The authors presented SimPLe, a model-based reinforcement learning approach that operates directly on raw pixel observations and learns effective policies to play games in the Atari Learning Environment.
  • The representation learned by the predictive model is likely be more meaningful by itself than the raw pixel observations from the environment.
  • Incorporating this representation into the policy could further accelerate and improve the reinforcement learning process
Tables
  • Table1: Summary of SimPLe ablations. For each game, a configuration was assigned a score being the mean over 5 experiments. The best and median scores were calculated per game. The table reports the number of games a given configuration achieved the best score or at least the median score, respectively
  • Table2: Models comparison. Mean scores and standard deviations over five training runs. Right most columns presents score for random agent and human
  • Table3: Comparison of our method (SimPLe) with model-free benchmarks - PPO and Rainbow, trained with 100 thousands/500 thousands/1 million steps. (1 step equals 4 frames)
  • Table4: Models comparison. Scores of median (left) and best (right) models out of five training runs. Right most columns presents score for random agent and human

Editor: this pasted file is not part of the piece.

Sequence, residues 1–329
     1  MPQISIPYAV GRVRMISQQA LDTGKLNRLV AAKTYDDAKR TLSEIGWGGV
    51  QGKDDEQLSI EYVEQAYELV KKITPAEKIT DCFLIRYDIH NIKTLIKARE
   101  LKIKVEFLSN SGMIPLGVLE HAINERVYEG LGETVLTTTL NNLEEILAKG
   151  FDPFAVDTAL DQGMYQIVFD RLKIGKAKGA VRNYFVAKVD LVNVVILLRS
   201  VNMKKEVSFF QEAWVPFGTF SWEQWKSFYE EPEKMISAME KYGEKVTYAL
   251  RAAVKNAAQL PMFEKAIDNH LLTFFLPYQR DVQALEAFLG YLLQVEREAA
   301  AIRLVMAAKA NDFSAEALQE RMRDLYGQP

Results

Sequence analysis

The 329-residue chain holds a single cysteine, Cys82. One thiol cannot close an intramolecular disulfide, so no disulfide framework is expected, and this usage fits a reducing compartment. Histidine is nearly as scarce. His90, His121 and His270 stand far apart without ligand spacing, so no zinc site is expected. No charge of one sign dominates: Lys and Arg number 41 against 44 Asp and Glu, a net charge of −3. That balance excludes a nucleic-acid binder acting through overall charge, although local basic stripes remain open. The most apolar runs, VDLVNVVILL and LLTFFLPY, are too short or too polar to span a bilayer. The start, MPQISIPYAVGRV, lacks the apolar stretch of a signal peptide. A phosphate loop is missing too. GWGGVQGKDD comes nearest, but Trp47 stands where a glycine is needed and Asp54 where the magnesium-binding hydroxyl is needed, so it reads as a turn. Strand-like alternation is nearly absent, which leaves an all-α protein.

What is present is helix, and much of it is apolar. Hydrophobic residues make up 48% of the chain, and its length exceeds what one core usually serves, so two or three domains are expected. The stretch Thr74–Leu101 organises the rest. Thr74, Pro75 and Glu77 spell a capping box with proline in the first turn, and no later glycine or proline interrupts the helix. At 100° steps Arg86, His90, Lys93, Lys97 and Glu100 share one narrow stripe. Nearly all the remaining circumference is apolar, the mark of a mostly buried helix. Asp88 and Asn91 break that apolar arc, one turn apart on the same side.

Download tables as Excel
Related work
  • Atari games gained prominence as a benchmark for reinforcement learning with the introduction of the Arcade Learning Environment (ALE) Bellemare et al (2015). The combination of reinforcement learning and deep models then enabled RL algorithms to learn to play Atari games directly from images of the game screen, using variants of the DQN algorithm (Mnih et al, 2013; 2015; Hessel et al, 2018) and actor-critic algorithms (Mnih et al, 2016; Schulman et al, 2017; Babaeizadeh et al, 2017b; Wu et al, 2017; Espeholt et al, 2018). The most successful methods in this domain remain model-free algorithms (Hessel et al, 2018; Espeholt et al, 2018). Although the sample complexity of these methods has substantially improved recently, it remains far higher than the amount of experience required for human players to learn each game (Tsividis et al, 2017). In this work, we aim to learn Atari games with a budget of just 100K agent steps (400K frames), corresponding to about two hours of play time. Prior methods are generally not evaluated in this regime, and we therefore optimized Rainbow (Hessel et al, 2018) for optimal performance on 1M steps, see Appendix E for details.
Funding
  • The work of Konrad Czechowski, Piotr Kozakowski and Piotr Miłoswas supported by the Polish National Science Center grants UMO-2017/26/E/ST6/00622
  • The work of Henryk Michalewski was supported by the Polish National Science Center grant UMO-2018/29/B/ST6/02959
  • This research was supported by the PL-Grid Infrastructure